White’s seahorse (Syngnathids) is a species of Syngnathid. These fascinating creatures swim upright in the water or wrap their tails around seagrass fronds to feed or stay protected during rough weather.
Tuggerah Lakes is home to at least five species of Syngnathids. They commonly grow to 20 centimetres in length and can be found in the shallow waters near seagrasses and algae beds. Their elongated body is covered with bony plates and rings. A tubular snout helps them draw in their prey like a vacuum.
The biggest threat to these interesting creatures is loss of habitat. Because they live in shallow areas near the shore they are at more risk of losing their homes due to human activity and development.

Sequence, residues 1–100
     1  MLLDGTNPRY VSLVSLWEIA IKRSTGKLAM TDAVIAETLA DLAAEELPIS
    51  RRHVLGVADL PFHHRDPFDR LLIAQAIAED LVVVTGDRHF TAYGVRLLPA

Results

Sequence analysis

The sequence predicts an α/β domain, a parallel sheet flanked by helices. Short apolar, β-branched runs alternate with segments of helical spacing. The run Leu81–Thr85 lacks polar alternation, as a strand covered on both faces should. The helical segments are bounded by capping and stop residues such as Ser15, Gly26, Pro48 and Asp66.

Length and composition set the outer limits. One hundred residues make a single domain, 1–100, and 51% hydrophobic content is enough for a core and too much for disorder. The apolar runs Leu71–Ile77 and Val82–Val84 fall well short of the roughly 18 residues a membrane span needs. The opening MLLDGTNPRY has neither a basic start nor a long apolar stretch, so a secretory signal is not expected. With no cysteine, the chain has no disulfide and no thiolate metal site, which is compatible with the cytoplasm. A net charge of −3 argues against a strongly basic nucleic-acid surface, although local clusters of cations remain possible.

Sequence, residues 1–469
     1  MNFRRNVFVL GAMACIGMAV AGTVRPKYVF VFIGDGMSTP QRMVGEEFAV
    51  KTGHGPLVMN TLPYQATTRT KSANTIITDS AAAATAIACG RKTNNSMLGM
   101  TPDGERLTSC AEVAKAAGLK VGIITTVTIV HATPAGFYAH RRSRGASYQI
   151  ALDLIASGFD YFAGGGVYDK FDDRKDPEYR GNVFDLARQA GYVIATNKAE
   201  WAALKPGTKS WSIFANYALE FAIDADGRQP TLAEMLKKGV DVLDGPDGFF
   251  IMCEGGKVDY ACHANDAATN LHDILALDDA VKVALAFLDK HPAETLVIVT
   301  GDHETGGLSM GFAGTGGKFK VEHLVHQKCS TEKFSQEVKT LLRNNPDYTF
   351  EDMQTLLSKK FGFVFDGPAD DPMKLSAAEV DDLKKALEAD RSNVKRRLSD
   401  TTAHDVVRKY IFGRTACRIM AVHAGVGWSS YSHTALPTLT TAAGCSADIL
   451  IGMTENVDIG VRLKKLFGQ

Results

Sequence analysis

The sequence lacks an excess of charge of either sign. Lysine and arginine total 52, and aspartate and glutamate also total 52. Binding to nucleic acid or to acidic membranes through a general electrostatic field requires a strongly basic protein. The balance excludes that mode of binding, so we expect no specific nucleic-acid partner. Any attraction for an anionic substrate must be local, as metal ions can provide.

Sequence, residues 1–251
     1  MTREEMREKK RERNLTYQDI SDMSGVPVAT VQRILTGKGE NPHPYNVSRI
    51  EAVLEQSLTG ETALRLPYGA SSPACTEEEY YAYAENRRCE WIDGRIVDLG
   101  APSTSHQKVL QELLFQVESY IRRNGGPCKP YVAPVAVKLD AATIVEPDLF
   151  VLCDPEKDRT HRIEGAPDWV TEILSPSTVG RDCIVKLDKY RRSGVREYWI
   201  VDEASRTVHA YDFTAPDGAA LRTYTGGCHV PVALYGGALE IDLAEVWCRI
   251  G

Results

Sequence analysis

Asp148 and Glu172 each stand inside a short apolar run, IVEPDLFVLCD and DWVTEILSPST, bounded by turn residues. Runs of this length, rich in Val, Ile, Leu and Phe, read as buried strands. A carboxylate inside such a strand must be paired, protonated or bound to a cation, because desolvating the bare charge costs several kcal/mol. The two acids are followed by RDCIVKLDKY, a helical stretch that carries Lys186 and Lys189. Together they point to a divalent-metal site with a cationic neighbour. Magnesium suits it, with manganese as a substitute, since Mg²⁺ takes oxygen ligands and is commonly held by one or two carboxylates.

Pollution, stormwater, dredging and sewerage all affect the seagrass beds which they rely on for food.
What can you do?
- Wash your vehicle on the grass and not on the driveway or road. The dirty water will seep into the ground and stay out of the stormwater drain
- Choose low-sodium and low-phosphate household detergents
- Dispose of rubbish and chemicals in the bin and not down the drain
- Take advantage of Council’s Home Chemical Clean Out days to get rid of unwanted chemicals, paints and oils
- Reduce the amount of fertiliser used on the garden
- Use your green bins to dispose of grass clippings
- Keep pets and stock away from streambank vegetation
- Take care not to introduce invasive weeds (such as Caulerpa taxifolia)
- Be careful fishing with nets near seagrass bed
- Slow down along the waterways to reduce your boat wash
- Be careful fishing with nets near seagrass beds